First, parents need to understand what the teen is going through. Then, they need to recognize the importance of continuing to provide guidance and support. In the past, parents were told they shouldn’t expect to have any influence over teenagers because the peer group was all-important. Today, experts in the field agree this is not true. The well-adjusted, successful and happiest teens are those whose parents stayed involved with them through the teen years.
It may sound simplistic, but good communication is critical in families. Do try to talk openly and honestly with your teen. Do try to listen. Do try to initiate conversations. Do try to be open to criticism and avoid blaming. Be generous with praise and encouragement. Avoid teasing, ridicule and put-downs.Rules
Do establish rules and regulations for your family. Studies shows that teens feel more secure in families where the boundaries are clearly understood. Do review rules and responsibilities on a regular basis. Changes will be required to reflect growth and development. Do be open to negotiating these changes with your teen. Do not abandon: teens still need much guidance and direction.Role Models
Teens watch and hear everything their parents do and say. Be aware of this and try to set a good example in what you say and how you say it. Try to make healthy lifestyle choices. Avoid watching too much TV. Place an emphasis on physical fitness. Try to promote activities that will develop self esteem and self confidence. Continue to plan and expect participation in some family activities. Don’t drink and drive. Be community-minded. Be a good citizen. Lead by example.School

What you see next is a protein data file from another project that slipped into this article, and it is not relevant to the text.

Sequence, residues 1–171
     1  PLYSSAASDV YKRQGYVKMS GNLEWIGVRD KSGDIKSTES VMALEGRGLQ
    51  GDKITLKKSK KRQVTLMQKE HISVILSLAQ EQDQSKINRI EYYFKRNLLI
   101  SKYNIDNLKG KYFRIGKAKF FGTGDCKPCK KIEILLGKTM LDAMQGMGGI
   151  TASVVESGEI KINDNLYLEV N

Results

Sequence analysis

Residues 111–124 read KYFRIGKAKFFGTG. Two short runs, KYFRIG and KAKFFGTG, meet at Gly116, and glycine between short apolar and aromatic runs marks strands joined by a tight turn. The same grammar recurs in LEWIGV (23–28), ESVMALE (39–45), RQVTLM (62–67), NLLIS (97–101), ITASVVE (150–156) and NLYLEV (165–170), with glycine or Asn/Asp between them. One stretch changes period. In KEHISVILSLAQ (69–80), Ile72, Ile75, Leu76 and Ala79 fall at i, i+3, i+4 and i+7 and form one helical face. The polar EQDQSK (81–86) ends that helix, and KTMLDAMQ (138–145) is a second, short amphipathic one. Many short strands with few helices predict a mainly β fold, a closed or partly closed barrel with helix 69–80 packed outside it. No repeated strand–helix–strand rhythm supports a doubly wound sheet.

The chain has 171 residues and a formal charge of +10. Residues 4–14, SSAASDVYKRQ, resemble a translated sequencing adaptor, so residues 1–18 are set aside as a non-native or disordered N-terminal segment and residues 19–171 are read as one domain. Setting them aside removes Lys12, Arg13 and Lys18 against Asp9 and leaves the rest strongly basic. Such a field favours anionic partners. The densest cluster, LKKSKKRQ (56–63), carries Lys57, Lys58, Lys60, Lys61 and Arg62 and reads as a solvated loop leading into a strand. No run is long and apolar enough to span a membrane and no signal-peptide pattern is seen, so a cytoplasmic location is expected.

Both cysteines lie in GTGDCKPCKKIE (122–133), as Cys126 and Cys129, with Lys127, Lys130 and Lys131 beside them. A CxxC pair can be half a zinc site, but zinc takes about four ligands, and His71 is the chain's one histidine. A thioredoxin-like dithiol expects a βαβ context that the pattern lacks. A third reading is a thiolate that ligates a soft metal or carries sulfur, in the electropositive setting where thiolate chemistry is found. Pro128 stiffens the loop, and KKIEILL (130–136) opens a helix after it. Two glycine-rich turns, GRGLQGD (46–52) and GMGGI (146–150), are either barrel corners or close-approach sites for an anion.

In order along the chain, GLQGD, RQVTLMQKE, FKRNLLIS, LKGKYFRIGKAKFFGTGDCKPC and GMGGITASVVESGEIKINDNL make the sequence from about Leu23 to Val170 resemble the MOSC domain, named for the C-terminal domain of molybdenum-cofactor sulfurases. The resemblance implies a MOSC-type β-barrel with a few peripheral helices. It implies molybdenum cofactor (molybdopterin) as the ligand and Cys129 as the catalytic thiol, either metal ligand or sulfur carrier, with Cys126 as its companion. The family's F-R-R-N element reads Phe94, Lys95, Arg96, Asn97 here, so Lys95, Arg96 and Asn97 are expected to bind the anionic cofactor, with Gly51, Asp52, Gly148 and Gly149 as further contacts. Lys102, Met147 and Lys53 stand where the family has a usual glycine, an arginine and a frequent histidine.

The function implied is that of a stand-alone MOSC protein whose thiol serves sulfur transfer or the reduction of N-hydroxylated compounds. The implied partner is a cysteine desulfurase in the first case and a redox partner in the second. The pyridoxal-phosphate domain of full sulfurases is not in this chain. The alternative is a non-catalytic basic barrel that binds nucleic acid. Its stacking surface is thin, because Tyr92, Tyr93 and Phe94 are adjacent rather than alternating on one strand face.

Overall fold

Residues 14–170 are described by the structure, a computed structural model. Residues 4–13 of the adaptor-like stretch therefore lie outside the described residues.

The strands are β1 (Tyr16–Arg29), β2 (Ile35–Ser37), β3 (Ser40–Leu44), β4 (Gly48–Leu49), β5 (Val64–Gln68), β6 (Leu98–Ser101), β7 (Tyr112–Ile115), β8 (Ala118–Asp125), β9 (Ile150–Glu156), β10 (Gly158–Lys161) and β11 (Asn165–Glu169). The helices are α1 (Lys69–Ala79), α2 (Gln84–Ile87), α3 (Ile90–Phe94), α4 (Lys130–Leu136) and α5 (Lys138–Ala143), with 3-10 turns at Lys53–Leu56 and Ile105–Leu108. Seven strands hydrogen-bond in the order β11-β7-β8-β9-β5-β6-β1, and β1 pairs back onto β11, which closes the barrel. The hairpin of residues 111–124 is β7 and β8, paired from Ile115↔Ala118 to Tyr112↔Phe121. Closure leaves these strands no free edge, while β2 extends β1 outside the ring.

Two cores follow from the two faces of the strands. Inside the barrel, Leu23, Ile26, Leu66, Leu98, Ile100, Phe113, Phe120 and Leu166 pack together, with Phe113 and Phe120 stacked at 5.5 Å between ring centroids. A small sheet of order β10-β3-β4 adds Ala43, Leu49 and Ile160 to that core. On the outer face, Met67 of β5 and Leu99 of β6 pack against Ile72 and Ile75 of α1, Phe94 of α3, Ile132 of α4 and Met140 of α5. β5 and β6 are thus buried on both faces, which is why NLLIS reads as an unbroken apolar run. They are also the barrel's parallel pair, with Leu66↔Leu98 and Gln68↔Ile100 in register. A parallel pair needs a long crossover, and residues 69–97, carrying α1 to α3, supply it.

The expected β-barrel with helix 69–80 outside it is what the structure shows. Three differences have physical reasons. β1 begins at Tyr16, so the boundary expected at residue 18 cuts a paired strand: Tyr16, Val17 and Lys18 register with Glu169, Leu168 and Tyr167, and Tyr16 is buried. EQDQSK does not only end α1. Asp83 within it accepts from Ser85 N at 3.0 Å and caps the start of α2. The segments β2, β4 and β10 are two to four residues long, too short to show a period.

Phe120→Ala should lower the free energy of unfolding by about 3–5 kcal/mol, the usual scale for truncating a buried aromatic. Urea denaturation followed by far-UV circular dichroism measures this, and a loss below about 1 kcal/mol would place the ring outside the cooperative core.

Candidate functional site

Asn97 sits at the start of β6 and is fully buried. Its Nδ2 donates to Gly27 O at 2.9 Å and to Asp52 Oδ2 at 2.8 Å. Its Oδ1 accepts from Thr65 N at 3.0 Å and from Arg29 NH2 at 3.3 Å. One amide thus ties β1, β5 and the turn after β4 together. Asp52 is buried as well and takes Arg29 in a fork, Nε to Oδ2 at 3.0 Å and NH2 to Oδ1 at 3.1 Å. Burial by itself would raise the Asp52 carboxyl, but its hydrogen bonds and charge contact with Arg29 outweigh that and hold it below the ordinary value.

The junior high years are not the time to stop your involvement with your teen’s school. Try to make sure your teen arrives at school on time, well-fed, dressed appropriately and with sufficient sleep. This demonstrates respect for the teens themselves, their teachers and their school. They should arrive at school ready to learn.
Get to know the new school. Find out what the rules and expectations are. Ask questions about anything you don’t understand. If you can, take the time to volunteer at the school. This will demonstrate that you value school and academic performance. It will also provide you with an opportunity to get to know the school staff better. Make sure you attend teacher-parent interviews. Work in partnership with your teen’s teachers. Try to understand the workload and help your teen set realistic goals.
Advocate for your teen. Attend special events or school performances. Get involved with your school council. Participate in governance issues and decision-making. Demonstrate your ongoing confidence in your teen’s abilities.
It is very important that parents today carry on their role of parenting during the junior high teen years. Teens must not be left to their own devices. They need the continued support and guidance of their parents. To achieve true adulthood, teens and parents have responsibilities to share. Teens have a job to do and so do parents. Stay involved. Be aware. Your relationship with your teen will benefit from your involvement. Teens will grow up to be happier and healthier adults.